be racist, pornographic, or glorify or trivialize violence.
9. Offensive symbolism. The cover art must not contain any kind of symbolism that
offends a specific group of people or ethnicities, such as Nazi symbolism, restricted by
the Strafgesetzbuch section 86a.
10. Misleading information. The cover art must not be misleading. For example,
prominently depicting or referencing an artist even though the artist does not perform on
the album.

11. Translations and use of special characters. The use of non-occidental or special
characters (like Arabic characters, Chinese characters or Greek letters) must be
avoided unless they guard an explicit relation with the content.
Side-by-side translations or transliterations of the content are not allowed. The
information must be written following the same structure and alphabet as in the
metadata.
12. Logos, images and registered brands. All the logos (including the involved texts)
must be justified in the metadata. The logos can be related to the artists, producers,
labels or other information involved with the musical product.
*Designers, photographers and other mentions to the cover artists are not
allowed.
*Registered brands and private or personal images (from people or companies)
cannot be included in the cover art. The only exceptions are when they are
visually irrelevant (being part of the background), they accomplish a relevant
role (e.g., in a musical) or are justified in the metadata (for example, as the
producer or the publisher).
It may be necessary to report the corresponding documentation to maintain registered
brands, private images or references to companies or institutions in order to
demonstrate the user is allowed to use them.
C) Audio Requirements
*Audio files requirements
1. Mastering. In order to ensure a good audio quality and meet the standards of today‟s
music industry, all audio files must have undergone a professional mastering before
their distribution.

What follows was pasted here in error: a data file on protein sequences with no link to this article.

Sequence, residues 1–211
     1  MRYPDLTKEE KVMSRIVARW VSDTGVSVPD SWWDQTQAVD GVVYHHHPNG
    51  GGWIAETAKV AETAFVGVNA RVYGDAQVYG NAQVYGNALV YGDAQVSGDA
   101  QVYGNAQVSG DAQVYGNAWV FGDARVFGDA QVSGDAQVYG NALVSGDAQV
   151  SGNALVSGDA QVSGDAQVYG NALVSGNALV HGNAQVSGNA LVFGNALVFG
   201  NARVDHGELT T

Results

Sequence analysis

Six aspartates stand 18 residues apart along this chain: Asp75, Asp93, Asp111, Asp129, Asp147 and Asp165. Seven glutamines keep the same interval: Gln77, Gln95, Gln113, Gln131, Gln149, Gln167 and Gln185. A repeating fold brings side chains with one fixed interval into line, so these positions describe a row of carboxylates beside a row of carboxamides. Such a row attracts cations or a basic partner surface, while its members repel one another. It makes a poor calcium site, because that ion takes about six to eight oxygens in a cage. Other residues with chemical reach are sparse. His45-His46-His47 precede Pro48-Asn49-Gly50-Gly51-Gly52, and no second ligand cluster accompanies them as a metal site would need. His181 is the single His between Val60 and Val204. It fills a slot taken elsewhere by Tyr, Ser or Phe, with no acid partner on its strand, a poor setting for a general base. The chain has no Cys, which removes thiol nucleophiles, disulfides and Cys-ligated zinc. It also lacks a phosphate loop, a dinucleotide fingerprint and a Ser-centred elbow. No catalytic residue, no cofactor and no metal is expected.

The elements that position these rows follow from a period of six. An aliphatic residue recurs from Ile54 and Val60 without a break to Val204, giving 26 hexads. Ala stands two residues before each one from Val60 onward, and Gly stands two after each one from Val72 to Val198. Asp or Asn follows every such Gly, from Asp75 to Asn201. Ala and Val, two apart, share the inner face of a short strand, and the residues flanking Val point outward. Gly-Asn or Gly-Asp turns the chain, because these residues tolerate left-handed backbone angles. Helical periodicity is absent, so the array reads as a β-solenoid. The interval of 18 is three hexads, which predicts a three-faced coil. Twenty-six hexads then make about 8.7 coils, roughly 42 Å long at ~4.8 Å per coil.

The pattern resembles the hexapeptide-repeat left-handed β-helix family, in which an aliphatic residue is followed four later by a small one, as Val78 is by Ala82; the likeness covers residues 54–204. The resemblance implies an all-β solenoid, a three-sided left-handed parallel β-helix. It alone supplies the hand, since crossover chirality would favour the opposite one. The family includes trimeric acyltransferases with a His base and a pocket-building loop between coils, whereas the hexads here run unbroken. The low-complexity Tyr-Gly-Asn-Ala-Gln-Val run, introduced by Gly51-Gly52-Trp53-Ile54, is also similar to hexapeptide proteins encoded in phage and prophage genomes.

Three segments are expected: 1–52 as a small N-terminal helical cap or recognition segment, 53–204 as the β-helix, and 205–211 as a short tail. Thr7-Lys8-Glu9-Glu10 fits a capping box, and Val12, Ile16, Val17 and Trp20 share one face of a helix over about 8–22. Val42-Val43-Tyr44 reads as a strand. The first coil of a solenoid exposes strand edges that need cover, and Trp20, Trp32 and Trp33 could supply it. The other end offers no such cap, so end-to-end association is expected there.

2. Audio quality. The audio files should not have any sound imperfection. Audio files
containing any background noise and other sound imperfections will not be accepted for
distribution.
*Format: flac or wav
*Requirements: Minimum of 16 bit, 44.1 Khz, stereo / Recommended 24 bits,
48Khz or 24 bits 96Khz.

3. Audios and titles. Audio files and track titles must always match. Audios uploaded to
non-corresponding tracks are not accepted.

4. Silences, pauses and cuts. Silence, cuts, pauses or extended silences are not
allowed. If a song ends with a final silence it should last no longer than ten seconds.
Other kinds of silences, such as cuts or sudden endings, must also be avoided, as they
can be misunderstood as audio errors.
5. Silent and hidden tracks. The silent tracks, hidden tracks and ghost tracks should
be indicated in the “Version” field. If there is a division between tracks it must follow the
silence requirements mentioned above.
A justification may be needed to know the reason why they are included and the
duration in relation to the whole content.
*Policy of use of Samples
1. If the Sample was obtained directly from the original owner. The original owner
must provide a valid document that expresses his agreement with the obtainment, use
and commercialization of his Sample, by the artist who intends to distribute it through
the platform.
2. If the Sample was obtained from an instrument, either physical or virtual
instrument. The license or any other evidence that can demonstrate that the Sample
has been obtained from an instrument must be presented. Similarly, if applicable, you
must present the license that is usually available with the instrument.
3. If the Sample was obtained through a payment service (per unit or per
subscription). A proof of payment must be presented for the unit, or the registration of
the subscription to said service, as well as evidence that the Sample has been obtained
through this specific payment service.
4. If the Sample was obtained through a free legal service. Any valid evidence that
could demonstrates that the Sample has been obtained through the free service, must
be presented, and also a valid evidence that that could prove that the commercialization
of the obtained Sample, is authorized.